Organisations in the 21st century face a momentous lack of skilled IT workers and will need to undertake a radical human resources shift to secure staff in a significantly changing workforce, according to IDC.
Individual interests have replaced trust and loyalty as the primary reasons for employees' association with companies.
According to IDC's research program manager for human resources strategies, Michael Boyd, the way work will be accomplished this millennium will be very different to the past and a radical HR rethink will be necessary.
He said downsizing, resizing, and re-engineering employee jobs for the sake of improving the bottom line contributed to eroding employee trust and loyalty.
"The available workers in the 21st century will expect and demand individual accommodation with regard to their needs for security, predictability, and dignity," Boyd said.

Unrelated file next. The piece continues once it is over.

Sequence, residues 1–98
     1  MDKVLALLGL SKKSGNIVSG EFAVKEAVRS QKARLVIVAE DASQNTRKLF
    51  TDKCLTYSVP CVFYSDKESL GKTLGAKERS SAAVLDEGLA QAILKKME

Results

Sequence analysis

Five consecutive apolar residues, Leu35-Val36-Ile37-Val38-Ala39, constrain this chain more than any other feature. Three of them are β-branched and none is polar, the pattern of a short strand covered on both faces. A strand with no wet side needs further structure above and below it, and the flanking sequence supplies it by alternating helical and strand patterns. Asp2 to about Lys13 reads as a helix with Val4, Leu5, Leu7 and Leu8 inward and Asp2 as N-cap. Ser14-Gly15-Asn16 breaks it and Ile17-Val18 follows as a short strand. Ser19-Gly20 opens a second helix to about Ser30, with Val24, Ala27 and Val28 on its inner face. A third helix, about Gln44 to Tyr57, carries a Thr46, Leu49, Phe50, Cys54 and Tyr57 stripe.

"The balance will shift entirely from the employer to the employee."
Boyd said this shift in power will intensify the already-fierce competition for skilled IT workers, and companies will have to work even harder to attract and retain IT professionals.
"The shortage of sufficient IT workers to meet the continuing increase in the number of openings shows no signs of lessening," he said.
"Companies will have to go the extra mile to be considered employers of choice."
IDC's recommendations for attracting and retaining IT talent include transferring organisational power to the employees and sharing profits.
"Generation Xers don't seem willing to make the traditional commitment to a business enterprise and to place work as the highest priority in life; baby boomers are leaving corporate life at an increasing rate," Boyd explained.
"Their relationship with a company is based more on an individual than a group agreement.
"As the century progresses, only those businesses that understand and meet the expectations and needs of workers at the individual level will continue as long-term business entities."